GoogleTranslate Service


Why is there such a big gender difference in graduate employment

June 16th, 2017 by Graham Attwell

salaries grad

In our work on Labour Market Information Systems, we frequently talk about the differences between labour market information and labour market intelligence in terms of making sense and meanings from statistical data. The graph above is a case in point. It is one of the outcomes of a survey on Graduate Employment, undertaken by the UK Higher Education Statistics Agency (HESA).

Like many such studies, the data is not complete. Yet, looking at the pay by gender reveals what WONKHE call “a shocking picture of the extent of the pay gap even straight out of university, and how different subject areas result in a diverse range of pay differences.”

Understanding why there is such a gap is harder. One reason could be that even with equal pay legislation, employers simply prefer to employ male staff for higher paid and more senior jobs. Also, the graph shows the subject in which the students graduated, not the occupational area in which they are employed. Thus the strikingly higher pay for mean who undertook nursing degrees may be due to them gaining highly paid jobs outside nursing. Another probable factor in explaining some of the pay gap is that the figures include both full and part time workers. Nationally far more women are employed part time, than men. However, that explanation itself raises new questions.

The data from HESA shows the value of data and at the same time the limitations of just statistical information. The job now is to find out why there is such a stark gender pay gap and what can be done about it. Such ‘intelligence’ will require qualitative research to go beyond the bald figures.

Please follow and like us:

Comments are closed.

  • Search Pontydysgu.org

    Social Media




    News Bites

    Racial bias in algorithms

    From the UK Open Data Institute’s Week in Data newsletter

    This week, Twitter apologised for racial bias within its image-cropping algorithm. The feature is designed to automatically crop images to highlight focal points – including faces. But, Twitter users discovered that, in practice, white faces were focused on, and black faces were cropped out. And, Twitter isn’t the only platform struggling with its algorithm – YouTube has also announced plans to bring back higher levels of human moderation for removing content, after its AI-centred approach resulted in over-censorship, with videos being removed at far higher rates than with human moderators.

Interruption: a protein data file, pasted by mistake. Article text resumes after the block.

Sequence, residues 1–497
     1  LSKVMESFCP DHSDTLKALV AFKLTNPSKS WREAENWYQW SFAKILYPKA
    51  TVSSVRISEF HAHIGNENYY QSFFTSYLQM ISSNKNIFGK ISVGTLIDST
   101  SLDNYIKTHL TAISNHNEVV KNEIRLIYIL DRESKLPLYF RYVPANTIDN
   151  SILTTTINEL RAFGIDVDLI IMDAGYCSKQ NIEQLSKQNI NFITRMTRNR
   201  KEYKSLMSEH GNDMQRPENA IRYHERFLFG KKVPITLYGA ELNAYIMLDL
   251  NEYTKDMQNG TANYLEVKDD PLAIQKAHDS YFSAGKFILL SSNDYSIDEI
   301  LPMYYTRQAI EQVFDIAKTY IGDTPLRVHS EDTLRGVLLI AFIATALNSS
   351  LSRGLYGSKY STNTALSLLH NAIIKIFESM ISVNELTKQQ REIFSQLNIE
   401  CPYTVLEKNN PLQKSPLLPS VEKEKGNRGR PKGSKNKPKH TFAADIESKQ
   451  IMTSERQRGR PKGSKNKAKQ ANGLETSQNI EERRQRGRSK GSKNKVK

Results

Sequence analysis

Please follow and like us:


    Gap between rich and poor university students widest for 12 years

    Via The Canary.

    The gap between poor students and their more affluent peers attending university has widened to its largest point for 12 years, according to data published by the Department for Education (DfE).

    Better-off pupils are significantly more likely to go to university than their more disadvantaged peers. And the gap between the two groups – 18.8 percentage points – is the widest it’s been since 2006/07.

    The latest statistics show that 26.3% of pupils eligible for FSMs went on to university in 2018/19, compared with 45.1% of those who did not receive free meals. Only 12.7% of white British males who were eligible for FSMs went to university by the age of 19. The progression rate has fallen slightly for the first time since 2011/12, according to the DfE analysis.

    Please follow and like us:


    Quality Training

    From Raconteur. A recent report by global learning consultancy Kineo examined the learning intentions of 8,000 employees across 13 different industries. It found a huge gap between the quality of training offered and the needs of employees. Of those surveyed, 85 per cent said they , with only 16 per cent of employees finding the learning programmes offered by their employers effective.

    Please follow and like us:


    News from 1994

    This is from a Tweet. In 1994 Stephen Heppell wrote in something called SCET” “Teachers are fundamental to this. They are professionals of considerable calibre. They are skilled at observing their students’ capability and progressing it. They are creative and imaginative but the curriculum must give them space and opportunity to explore the new potential for learning that technology offers.” Nothing changes!

    Please follow and like us:


    Other Pontydysgu Spaces

    • Pontydysgu on the Web

      pbwiki
      Our Wikispace for teaching and learning
      Sounds of the Bazaar Radio LIVE
      Join our Sounds of the Bazaar Facebook goup. Just click on the logo above.

      We will be at Online Educa Berlin 2015. See the info above. The stream URL to play in your application is Stream URL or go to our new stream webpage here SoB Stream Page.

      Please follow and like us:
  • Twitter

    RT @noamchomskyT "When economists insist that they too are scientists because they use mathematics, they are no different from astrologists protesting that they are just as scientific as astronomers because they also use computers and complicated charts." — Yanis Varoufakis

    About 3 days ago from Graham Attwell's Twitter via Twitter for iPad

  • RT @BSATheory We are building quite the library of #SocialTheory webinars, and there's more planned. Stay tuned! britsoc.co.uk/groups/study-g…

    Yesterday from Cristina Costa's Twitter via Twitter for Android

  • Recent Posts

  • Archives

  • Meta

  • Categories